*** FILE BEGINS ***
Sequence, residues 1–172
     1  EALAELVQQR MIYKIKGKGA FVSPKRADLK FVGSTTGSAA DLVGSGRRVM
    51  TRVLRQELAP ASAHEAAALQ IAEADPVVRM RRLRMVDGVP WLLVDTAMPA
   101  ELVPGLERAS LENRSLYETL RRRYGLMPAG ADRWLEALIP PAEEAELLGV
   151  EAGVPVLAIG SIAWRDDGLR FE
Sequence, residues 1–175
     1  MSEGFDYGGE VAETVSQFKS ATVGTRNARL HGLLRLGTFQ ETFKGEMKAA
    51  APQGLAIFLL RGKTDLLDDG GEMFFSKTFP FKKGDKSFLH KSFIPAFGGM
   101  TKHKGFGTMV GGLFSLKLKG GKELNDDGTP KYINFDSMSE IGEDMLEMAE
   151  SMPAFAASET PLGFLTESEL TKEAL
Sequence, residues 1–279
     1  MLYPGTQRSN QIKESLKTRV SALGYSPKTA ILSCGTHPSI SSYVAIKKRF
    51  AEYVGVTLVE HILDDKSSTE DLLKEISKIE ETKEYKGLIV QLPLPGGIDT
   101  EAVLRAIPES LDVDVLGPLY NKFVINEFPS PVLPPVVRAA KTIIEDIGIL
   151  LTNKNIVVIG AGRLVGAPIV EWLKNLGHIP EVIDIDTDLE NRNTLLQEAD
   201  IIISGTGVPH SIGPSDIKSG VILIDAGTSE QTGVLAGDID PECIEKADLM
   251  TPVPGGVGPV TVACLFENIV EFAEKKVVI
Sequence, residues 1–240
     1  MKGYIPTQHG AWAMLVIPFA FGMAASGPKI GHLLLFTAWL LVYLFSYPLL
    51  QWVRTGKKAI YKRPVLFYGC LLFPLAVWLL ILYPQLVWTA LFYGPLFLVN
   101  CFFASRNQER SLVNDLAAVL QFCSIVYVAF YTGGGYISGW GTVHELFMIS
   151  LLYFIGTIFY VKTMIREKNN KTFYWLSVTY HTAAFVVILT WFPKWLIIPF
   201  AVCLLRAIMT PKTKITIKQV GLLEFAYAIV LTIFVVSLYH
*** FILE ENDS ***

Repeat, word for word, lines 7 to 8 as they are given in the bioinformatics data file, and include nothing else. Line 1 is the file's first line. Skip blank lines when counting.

     1  MSEGFDYGGE VAETVSQFKS ATVGTRNARL HGLLRLGTFQ ETFKGEMKAA
    51  APQGLAIFLL RGKTDLLDDG GEMFFSKTFP FKKGDKSFLH KSFIPAFGGM